- Related work: [Mitchell-Scedrov et al 98-04], [Abadi-Rogaway00], [Backes-Pfitzmann-Waidner03-04], [Micciancio-Warinschi04]

Central Problem 2

Applied to industrial protocols

- IEEE 802.11i authentication protocol [IEEE Standards; 2004]

(Attack! Fix adopted by IEEE WG)

- IKEv2 [IETF Internet Draft; 2004]
- TLS/SSL [RFC 2246; 1999]
- Kerberos V5 [IETF Internet Draft; 2004]
- GDOI Secure Group Communication protocol [RFC 3547; 2003]

(Attack! Fix adopted by IETF WG)

Many More:

- STS, JFKi, JFKr, SKID3, ISO-9798-2, ISO-9798-3, NSL,…

IKEv2 [IETF ID 2004]

IKE_INIT (Exchange key material)

Multi-mode protocol: authenticator can use either signature or pre-shared key

I R: HDR, SAi1, gi, Ni

R I: HDR, SAr1, gr, Nr

IKE_AUTH (Authenticate)

I R: HDR, SK {IDi, [CERT,] [CERTREQ,] [IDr,] AUTH, SAi2, TSi, TSr}

R I: HDR, SK {IDr, [CERT,] AUTH, SAr2, TSi, TSr}

- Modular proofs
- Multi-mode (Unified “template” proof)
- Properties: authentication, shared secret, identity & DoSprotection, repudiability

IKE_CHILD_SA (Rekey)

Stanford

Mobile IPv6 [IETF ID 2004]Correspondent Node

Home address

Home address

- Change of location
- Authentication
- DoS issues
- Protocol breaks if attacker controls complete network

Care of address

GDOI [RFC 3547, 2003]

Public network

Group controller

- Secure group communication
- Composition attack
- Fix adopted by IETF WG

Communicating in a group can be difficult…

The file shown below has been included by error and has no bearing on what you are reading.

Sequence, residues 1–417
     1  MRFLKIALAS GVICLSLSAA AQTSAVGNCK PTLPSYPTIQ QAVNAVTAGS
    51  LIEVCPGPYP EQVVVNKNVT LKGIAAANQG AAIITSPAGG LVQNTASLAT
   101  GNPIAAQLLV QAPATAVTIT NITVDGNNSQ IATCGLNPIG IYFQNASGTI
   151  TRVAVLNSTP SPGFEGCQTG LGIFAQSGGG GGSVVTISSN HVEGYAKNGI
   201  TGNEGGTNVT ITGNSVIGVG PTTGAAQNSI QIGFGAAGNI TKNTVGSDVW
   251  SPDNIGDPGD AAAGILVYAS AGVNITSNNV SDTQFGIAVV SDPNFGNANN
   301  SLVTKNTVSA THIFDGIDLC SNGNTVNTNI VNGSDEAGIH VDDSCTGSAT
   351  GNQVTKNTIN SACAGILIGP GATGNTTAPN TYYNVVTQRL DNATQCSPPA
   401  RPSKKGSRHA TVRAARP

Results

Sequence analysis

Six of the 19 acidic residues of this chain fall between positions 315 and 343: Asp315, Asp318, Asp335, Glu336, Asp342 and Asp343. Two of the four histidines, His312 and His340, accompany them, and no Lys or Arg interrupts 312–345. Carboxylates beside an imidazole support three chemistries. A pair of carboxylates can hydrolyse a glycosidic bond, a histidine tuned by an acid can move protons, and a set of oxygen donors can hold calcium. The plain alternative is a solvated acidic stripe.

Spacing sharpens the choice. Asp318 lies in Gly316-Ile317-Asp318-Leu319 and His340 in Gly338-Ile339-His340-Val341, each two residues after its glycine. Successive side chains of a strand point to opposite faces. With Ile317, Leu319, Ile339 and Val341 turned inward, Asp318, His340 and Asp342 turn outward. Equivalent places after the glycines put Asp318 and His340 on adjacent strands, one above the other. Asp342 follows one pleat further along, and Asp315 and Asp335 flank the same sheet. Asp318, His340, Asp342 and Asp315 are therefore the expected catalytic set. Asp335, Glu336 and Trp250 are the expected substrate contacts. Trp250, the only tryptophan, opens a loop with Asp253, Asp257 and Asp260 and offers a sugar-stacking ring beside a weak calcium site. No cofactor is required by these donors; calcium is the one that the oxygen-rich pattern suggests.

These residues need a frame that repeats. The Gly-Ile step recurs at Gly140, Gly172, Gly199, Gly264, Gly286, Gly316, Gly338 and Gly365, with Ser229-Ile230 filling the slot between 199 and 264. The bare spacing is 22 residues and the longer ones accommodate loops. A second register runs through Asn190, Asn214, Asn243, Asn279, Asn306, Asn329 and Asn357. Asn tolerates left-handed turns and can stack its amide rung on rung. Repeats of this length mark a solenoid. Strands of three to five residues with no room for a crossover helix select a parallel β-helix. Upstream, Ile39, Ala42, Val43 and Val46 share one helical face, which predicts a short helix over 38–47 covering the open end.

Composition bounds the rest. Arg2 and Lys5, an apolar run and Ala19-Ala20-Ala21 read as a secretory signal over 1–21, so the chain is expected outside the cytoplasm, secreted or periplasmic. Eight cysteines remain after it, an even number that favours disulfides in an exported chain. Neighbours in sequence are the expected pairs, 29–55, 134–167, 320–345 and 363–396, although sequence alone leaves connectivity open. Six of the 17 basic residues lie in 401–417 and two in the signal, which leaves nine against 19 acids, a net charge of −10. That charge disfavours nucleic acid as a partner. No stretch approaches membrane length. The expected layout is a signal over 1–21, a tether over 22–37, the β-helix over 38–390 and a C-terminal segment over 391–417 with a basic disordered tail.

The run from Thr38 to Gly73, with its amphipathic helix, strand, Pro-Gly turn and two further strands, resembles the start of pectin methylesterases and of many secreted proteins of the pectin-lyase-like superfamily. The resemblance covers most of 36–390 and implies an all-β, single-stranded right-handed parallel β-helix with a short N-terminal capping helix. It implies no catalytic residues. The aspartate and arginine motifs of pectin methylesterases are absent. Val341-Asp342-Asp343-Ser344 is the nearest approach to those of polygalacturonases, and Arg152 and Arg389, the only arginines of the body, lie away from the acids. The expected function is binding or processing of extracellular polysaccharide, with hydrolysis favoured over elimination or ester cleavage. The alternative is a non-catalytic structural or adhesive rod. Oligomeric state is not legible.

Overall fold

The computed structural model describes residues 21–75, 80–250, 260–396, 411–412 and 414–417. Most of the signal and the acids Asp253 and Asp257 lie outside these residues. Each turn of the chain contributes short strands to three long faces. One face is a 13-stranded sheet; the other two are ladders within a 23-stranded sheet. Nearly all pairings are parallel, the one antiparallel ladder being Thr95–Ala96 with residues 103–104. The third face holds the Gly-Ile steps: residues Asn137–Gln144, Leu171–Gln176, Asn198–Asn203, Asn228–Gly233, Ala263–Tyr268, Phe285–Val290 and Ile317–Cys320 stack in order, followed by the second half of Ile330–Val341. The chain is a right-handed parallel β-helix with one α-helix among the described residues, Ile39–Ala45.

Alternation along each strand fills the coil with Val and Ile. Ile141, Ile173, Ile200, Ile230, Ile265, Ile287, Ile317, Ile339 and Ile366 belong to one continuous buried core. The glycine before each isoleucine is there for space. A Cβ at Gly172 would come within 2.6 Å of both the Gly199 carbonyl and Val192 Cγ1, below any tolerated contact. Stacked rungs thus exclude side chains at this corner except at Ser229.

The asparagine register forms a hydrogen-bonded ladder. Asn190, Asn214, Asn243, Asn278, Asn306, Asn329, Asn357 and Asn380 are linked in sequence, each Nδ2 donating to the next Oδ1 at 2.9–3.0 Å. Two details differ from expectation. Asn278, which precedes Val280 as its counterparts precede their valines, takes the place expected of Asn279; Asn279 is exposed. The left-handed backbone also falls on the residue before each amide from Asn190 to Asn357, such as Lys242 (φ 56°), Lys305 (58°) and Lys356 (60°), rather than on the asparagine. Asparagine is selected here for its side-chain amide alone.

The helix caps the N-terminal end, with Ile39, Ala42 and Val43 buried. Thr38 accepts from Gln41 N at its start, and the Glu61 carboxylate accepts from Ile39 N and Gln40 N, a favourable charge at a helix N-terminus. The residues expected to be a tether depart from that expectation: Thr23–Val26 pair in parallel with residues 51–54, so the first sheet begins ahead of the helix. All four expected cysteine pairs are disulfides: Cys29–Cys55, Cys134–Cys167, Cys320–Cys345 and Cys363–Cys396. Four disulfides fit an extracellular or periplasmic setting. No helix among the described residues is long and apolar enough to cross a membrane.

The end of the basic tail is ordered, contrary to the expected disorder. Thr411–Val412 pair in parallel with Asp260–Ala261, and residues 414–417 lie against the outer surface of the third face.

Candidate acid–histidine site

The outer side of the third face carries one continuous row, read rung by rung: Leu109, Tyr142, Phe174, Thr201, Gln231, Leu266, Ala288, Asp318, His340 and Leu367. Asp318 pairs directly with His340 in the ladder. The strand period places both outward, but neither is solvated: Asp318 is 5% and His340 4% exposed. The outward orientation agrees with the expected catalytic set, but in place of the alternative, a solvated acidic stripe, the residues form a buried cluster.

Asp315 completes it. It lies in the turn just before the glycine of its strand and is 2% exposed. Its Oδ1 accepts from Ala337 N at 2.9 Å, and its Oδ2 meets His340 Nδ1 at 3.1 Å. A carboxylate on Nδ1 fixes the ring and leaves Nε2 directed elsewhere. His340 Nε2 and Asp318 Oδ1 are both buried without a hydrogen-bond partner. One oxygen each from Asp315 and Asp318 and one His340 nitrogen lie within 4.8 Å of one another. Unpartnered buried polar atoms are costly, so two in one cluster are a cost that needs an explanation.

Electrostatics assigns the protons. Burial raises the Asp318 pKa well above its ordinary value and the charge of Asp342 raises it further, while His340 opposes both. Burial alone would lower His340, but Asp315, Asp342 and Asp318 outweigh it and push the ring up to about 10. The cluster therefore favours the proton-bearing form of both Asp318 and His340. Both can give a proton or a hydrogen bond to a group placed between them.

Protocol analysis spectrum

Combining logic and cryptography

Hand proofs

Computational Protocol logic

Holy Grail

High

Divide and conquer

Poly-time calculus

Multiset rewriting

Protocol logic

Spi-calculus

Strength of attacker model

Athena

Paulson

NRL

BAN logic

Low

Model checking

FDR

Murj

Low

High

Protocol complexity

Outline

Part I: Overview

Part II: Glimpses of technical machinery

- Divide and conquer paradigm
- Protocol Derivation System
- Protocol Composition Logic
- Combining logic and cryptography
- Complexity-theoretic foundations

Protocol Derivation System

- Construct protocol with properties:
- Shared secret
- Authenticated
- Identity Protection
- DoS Protection
- Design requirements forIKE, JFK, IKEv2(IPSec key exchange protocol)

Diffie Hellman

A B: ga

B A: gb

- Shared secret (with someone)
- A deduces:
- Knows(Y, gab) (Y = A) ۷ Knows(Y,b)
- Authenticated
- Identity Protection
- DoS Protection

Challenge-Response

A B: m, A

B A: n, sigB {m, n, A}

A B: sigA {m, n, B}

- Shared secret
- Authenticated
- A deduces: Received (B, msg1) Λ Sent (B, msg2)
- Identity Protection
- DoS Protection

m := ga

n := gb

ISO-9798-3

A B: ga, A

B A: gb, sigB {ga, gb, A}

A B: sigA {ga, gb, B}

- Shared secret: gab
- Authenticated
- Identity Protection
- DoS Protection

Technically: sequential composition with variable substitution

Encrypt Signatures

A B: ga, A

B A: gb, EK {sigB {ga, gb, A}}

A B: EK {sigA {ga, gb, B}}

- Shared secret: gab
- Authenticated
- Identity Protection
- DoS Protection

Technically: term replacement/function variable substitution

Transformation

Use cookie:JFK core protocol

A B: ga, A

B A: gb, hashKB {gb, ga}

A B: ga, gb, EK {sigA {ga, gb, B}}, hashKB {gb, ga}

B A: gb, EK {sigB {ga, gb, A}}

- Shared secret: gab
- Authenticated
- Identity Protection